What causes autism?
No one is sure yet. Researchers are working to understand the
etiology of autism, but so far nothing has been consistent
across all cases. Human physiology is a long chain of intricate events,
starting with genetic code and ending in the outward appearances and
personalities we see everyday. Along the way, molecules are combined
and taken apart, cells are built, proteins synthesized, hormones regulated,
neural function promoted, and on down the line. We know that genetics
play a significant role; unfortunately no genes have been explicitly implicated.
It is also known that exposure to certain environmental toxins such
as thalidomide is associated with a later diagnosis of autism. We
cannot rule out the possibility that other toxins may again
cause similar symptoms.
With the documented benefits of early intervention for learners
with an autism spectrum disorder (ASD), the earlier the diagnosis
can be made, the better. As there is no genetic or medical test for
ASDs, clinicians rely on behavioral observation, generally quantified
through the use of a standardized diagnostic scale, to arrive
at the diagnosis. In general, diagnosis is a two step process: 1) screening,
and 2) a comprehensive diagnostic evaluation.
Most “well child” check-ups include a developmental screening. Parent
observations, impressions and concerns are an essential part of the screening
and may be supported by such “documentary” information
as family videos and baby albums. Once concerns are voiced, the
parents may be asked to complete any of a number of standardized screening
instruments such as the Checklist for Autism in Toddlers (CHAT) or the
Screening Tool for Autism in Two-Year-Olds (STAT). If following
the screening process there continues to be concern, a comprehensive diagnostic
evaluation is indicated.
Comprehensive Diagnostic Evaluation
In order to rule in or rule out an ASD diagnosis a comprehensive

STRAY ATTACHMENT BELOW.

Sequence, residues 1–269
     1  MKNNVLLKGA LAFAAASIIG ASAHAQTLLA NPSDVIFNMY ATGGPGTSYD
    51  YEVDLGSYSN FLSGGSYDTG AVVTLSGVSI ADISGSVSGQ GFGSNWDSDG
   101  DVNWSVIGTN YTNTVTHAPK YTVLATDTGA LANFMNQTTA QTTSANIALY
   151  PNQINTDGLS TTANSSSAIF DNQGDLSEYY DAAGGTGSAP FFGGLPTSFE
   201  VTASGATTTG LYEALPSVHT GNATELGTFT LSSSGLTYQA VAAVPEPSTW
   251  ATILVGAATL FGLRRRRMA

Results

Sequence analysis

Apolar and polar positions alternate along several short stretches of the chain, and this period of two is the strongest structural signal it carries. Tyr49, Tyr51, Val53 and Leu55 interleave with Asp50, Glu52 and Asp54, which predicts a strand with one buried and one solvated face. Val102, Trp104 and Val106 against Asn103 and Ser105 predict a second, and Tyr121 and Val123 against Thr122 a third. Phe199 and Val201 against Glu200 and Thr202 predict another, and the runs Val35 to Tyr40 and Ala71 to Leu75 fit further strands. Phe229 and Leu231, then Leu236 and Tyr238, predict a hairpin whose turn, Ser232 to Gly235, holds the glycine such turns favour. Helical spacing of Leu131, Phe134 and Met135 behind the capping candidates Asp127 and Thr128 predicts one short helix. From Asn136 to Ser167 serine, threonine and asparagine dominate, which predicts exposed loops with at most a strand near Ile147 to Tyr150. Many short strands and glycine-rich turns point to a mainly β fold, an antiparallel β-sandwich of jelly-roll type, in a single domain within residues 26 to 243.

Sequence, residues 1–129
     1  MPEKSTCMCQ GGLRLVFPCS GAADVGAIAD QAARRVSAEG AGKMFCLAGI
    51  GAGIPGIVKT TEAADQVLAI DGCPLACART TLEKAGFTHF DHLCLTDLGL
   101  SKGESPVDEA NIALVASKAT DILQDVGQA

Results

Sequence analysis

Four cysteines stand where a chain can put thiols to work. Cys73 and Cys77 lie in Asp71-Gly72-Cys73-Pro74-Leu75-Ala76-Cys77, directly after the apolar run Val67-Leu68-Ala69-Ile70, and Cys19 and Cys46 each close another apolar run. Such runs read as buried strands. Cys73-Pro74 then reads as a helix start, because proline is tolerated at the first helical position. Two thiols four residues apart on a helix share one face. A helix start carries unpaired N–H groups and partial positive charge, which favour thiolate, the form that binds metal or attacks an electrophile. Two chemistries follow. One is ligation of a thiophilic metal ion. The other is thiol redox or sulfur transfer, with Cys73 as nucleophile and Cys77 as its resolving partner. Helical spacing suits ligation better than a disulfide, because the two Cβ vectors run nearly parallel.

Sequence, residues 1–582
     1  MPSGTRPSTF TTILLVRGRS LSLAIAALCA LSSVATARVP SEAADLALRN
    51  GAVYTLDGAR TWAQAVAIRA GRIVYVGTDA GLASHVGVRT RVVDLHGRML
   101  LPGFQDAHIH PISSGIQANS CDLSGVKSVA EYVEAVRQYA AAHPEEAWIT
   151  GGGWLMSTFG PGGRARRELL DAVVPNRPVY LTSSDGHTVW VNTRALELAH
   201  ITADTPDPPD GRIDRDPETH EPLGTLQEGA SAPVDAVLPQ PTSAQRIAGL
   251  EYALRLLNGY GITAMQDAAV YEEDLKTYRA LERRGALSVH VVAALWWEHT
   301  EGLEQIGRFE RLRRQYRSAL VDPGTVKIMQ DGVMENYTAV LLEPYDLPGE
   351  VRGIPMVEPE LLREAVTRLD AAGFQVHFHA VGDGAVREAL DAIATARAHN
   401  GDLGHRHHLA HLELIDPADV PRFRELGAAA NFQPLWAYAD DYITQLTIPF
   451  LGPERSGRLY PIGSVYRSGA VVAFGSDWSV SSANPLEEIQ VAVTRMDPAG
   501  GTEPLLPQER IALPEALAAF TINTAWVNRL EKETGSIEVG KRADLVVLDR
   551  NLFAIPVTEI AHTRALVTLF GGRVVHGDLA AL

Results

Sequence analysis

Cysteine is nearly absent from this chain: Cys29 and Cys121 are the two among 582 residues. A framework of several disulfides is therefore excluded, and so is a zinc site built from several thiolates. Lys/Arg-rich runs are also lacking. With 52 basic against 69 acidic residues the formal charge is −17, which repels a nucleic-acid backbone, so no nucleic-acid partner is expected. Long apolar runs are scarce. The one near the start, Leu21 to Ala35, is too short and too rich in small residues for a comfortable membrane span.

diagnostic evaluation is required. This evaluation is generally
done by a team of trained professionals that may include a psychologist,
a neurologist, a psychiatrist, a speech and language pathologist, or
other relevant professional (e.g., occupational therapist). Given
the complexity often associated with ASDs, special attention during
the evaluation should be paid to neurological testing along
with in-depth cognitive and language testing. Other tests may
include a hearing evaluation and a lead screening. Lastly, assessments
specifically designed to reliably identify presence of an ASD are used. Primary
among these is the Autism Diagnostic Observation Schedule (ADOS) but
the Autism Diagnostic Interview-Revised (ADI-R) and the Childhood Autism
Rating Scale (CARS) are also commonly used.
Hearing the diagnosis of autism is an overwhelming and potentially
devastating blow to families. However, the time of diagnosis is
also the time to stay focused and ask questions. In addition to
providing the diagnosis, members of the evaluation team are a family’s
best, most immediate source for information, recommendations, direction
and referrals. It is important that families not leave this meeting
without the names and numbers of trained professionals, programs and
related resources in their geographic area. Early diagnosis can
lead to effective early intervention which can lead to significant gains
for the newly diagnosed individual but only if the family now knows
where, and to whom, to turn.
From "What Is Autism Spectrum Disorder?" at the National Institutes of Mental Health, available online here.